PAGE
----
Mr. Canady......................................................  ..............              X   ..............
Mr. Goodlatte...................................................  ..............              X   ..............
Mr. Chabot......................................................  ..............              X   ..............
Mr. Barr........................................................  ..............  ..............  ..............
Mr. Jenkins.....................................................  ..............              X   ..............
Mr. Hutchinson..................................................  ..............              X   ..............
Mr. Pease.......................................................  ..............              X   ..............
Mr. Cannon......................................................  ..............  ..............  ..............
Mr. Rogan.......................................................  ..............  ..............  ..............
Mr. Graham......................................................  ..............              X   ..............
Ms. Bono........................................................  ..............              X   ..............
Mr. Bachus......................................................  ..............  ..............  ..............
Mr. Scarborough.................................................  ..............  ..............  ..............
Mr. Vitter......................................................  ..............              X   ..............
Mr. Conyers.....................................................              X   ..............  ..............
Mr. Frank.......................................................              X   ..............  ..............
Mr. Berman......................................................              X   ..............  ..............
Mr. Boucher.....................................................  ..............  ..............  ..............
Mr. Nadler......................................................  ..............  ..............  ..............
Mr. Scott.......................................................              X   ..............  ..............
Mr. Watt........................................................              X   ..............  ..............
Ms. Lofgren.....................................................              X   ..............  ..............
Ms. Jackson Lee.................................................              X   ..............  ..............
Ms. Waters......................................................              X   ..............  ..............
Mr. Meehan......................................................              X   ..............  ..............
Mr. Delahunt....................................................  ..............  ..............  ..............
Mr. Wexler......................................................              X   ..............  ..............
Mr. Rothman.....................................................              X   ..............  ..............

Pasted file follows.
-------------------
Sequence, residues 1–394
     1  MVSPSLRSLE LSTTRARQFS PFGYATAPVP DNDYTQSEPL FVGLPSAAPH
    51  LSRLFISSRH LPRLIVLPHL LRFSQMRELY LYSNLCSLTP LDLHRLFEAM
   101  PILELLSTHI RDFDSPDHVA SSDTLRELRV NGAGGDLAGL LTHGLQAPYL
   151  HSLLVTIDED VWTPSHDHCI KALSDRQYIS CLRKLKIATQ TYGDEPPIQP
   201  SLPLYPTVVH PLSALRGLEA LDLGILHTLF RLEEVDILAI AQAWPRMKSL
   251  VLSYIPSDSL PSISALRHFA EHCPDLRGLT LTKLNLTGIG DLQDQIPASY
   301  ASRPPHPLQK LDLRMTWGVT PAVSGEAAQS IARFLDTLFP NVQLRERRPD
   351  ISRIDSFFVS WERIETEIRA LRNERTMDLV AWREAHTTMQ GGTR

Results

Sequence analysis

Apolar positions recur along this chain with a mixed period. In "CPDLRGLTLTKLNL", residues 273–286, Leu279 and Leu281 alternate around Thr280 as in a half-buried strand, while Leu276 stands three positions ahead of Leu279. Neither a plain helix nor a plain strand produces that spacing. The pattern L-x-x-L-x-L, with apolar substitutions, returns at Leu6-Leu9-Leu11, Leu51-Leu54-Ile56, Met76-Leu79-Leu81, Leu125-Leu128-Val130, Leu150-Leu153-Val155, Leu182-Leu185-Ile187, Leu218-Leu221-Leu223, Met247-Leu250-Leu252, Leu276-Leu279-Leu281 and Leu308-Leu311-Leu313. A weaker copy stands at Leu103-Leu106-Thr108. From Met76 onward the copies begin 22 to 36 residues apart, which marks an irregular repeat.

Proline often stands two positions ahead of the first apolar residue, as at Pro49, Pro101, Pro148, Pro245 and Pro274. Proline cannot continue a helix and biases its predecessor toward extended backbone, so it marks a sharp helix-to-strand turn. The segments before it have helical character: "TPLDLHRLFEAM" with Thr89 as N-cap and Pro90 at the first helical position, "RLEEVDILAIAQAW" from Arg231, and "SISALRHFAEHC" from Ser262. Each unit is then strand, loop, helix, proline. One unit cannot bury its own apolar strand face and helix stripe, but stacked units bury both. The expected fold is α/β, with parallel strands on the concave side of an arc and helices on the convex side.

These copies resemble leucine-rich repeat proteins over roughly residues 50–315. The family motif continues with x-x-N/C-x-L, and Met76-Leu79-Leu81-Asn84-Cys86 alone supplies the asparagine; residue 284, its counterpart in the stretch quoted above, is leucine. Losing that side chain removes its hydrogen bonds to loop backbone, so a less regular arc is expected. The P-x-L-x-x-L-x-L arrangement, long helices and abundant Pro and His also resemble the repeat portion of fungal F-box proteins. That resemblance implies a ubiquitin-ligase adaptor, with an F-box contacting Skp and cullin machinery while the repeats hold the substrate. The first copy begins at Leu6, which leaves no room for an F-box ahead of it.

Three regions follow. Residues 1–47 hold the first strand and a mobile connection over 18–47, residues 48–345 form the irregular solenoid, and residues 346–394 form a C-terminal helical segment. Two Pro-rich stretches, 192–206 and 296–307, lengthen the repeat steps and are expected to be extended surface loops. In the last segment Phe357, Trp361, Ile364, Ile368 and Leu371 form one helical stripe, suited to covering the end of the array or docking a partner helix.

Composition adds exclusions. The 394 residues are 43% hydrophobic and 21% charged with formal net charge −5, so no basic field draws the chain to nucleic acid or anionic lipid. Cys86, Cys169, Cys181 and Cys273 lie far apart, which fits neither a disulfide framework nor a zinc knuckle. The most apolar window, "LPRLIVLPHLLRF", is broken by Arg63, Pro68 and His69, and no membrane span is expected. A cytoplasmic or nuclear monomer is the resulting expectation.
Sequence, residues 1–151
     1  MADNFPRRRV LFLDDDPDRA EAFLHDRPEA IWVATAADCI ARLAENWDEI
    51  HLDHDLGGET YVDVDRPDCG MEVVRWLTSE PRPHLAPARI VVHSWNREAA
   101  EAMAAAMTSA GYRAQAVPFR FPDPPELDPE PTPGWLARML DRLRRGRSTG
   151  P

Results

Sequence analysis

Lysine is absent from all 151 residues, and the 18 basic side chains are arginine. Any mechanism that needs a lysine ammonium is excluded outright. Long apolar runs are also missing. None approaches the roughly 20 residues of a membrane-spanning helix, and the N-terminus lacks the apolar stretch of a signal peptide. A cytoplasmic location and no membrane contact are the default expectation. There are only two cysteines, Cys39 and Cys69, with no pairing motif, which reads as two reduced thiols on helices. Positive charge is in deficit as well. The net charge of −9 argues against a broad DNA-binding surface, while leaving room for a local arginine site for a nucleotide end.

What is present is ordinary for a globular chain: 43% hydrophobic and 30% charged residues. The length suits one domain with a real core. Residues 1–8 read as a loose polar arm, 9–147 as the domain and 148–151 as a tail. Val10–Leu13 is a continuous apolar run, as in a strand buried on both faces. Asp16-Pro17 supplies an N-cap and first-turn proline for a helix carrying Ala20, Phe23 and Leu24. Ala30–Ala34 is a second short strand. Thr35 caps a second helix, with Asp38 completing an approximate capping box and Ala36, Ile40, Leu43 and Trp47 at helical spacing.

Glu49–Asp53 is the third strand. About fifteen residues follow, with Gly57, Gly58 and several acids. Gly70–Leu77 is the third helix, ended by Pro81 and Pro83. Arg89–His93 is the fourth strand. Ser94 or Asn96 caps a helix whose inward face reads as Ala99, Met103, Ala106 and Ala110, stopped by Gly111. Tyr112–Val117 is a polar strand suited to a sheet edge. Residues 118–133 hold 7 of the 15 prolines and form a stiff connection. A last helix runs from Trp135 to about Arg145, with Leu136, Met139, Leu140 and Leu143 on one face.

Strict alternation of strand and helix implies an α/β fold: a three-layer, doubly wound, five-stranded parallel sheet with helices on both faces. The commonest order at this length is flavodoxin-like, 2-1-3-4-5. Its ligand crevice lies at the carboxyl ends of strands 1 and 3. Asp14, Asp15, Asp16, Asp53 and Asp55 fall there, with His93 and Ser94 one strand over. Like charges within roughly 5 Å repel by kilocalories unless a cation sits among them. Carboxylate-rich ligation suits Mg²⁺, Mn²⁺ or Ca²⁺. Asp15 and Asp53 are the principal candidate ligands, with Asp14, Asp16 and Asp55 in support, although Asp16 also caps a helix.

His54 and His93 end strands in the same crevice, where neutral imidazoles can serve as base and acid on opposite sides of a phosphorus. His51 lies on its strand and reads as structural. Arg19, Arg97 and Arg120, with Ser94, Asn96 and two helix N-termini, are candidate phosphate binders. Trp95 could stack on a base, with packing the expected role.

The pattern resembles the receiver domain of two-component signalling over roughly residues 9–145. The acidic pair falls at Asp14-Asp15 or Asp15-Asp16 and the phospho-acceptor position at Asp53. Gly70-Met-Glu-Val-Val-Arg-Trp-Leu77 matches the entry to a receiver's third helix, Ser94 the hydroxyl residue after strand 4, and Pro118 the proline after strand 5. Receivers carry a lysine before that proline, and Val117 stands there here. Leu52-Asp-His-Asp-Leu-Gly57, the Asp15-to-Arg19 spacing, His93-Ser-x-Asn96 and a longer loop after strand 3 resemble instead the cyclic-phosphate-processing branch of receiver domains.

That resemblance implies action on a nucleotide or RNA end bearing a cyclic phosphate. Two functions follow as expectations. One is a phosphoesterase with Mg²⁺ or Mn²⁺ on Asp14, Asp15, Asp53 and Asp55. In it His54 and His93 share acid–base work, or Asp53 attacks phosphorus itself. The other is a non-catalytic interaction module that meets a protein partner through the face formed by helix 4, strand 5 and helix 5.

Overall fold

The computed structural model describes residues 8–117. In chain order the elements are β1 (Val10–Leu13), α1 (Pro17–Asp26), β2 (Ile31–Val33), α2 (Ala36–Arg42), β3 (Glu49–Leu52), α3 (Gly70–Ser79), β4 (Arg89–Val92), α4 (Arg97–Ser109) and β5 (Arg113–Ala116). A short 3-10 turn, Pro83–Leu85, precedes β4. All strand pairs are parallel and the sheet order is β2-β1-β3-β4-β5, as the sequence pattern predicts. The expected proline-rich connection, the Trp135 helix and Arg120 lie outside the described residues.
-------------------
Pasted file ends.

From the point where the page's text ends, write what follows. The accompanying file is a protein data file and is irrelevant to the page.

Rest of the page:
Ms. Baldwin.....................................................              X   ..............  ..............
Mr. Weiner......................................................  ..............  ..............  ..............
Mr. Hyde, Chairman..............................................  ..............              X   ..............
                                                                 -----------------------------------------------
    Total.......................................................             12              15   ..............
----------------------------------------------------------------------------------------------------------------

    3. An amendment was offered by Mr. Scott to strike Section 
101 of Title I of the bill regarding reinforcing the existing 
standard for legitimate use of controlled substances. The 
amendment was defeated by a 12-16 rollcall vote.

                                                   ROLLCALL NO. 3
----------------------------------------------------------------------------------------------------------------
                                                                       Ayes            Nays           Present
----------------------------------------------------------------------------------------------------------------
Mr. Sensenbrenner...............................................  ..............  ..............  ..............
Mr. McCollum....................................................  ..............              X   ..............
Mr. Gekas.......................................................  ..............              X   ..............
Mr. Coble.......................................................  ..............              X   ..............
Mr. Smith (TX)..................................................  ..............              X   ..............
Mr. Gallegly....................................................  ..............              X   ..............
Mr. Canady......................................................  ..............              X   ..............
Mr. Goodlatte...................................................  ..............              X   ..............
Mr. Chabot......................................................  ..............              X   ..............
Mr. Barr........................................................  ..............  ..............  ..............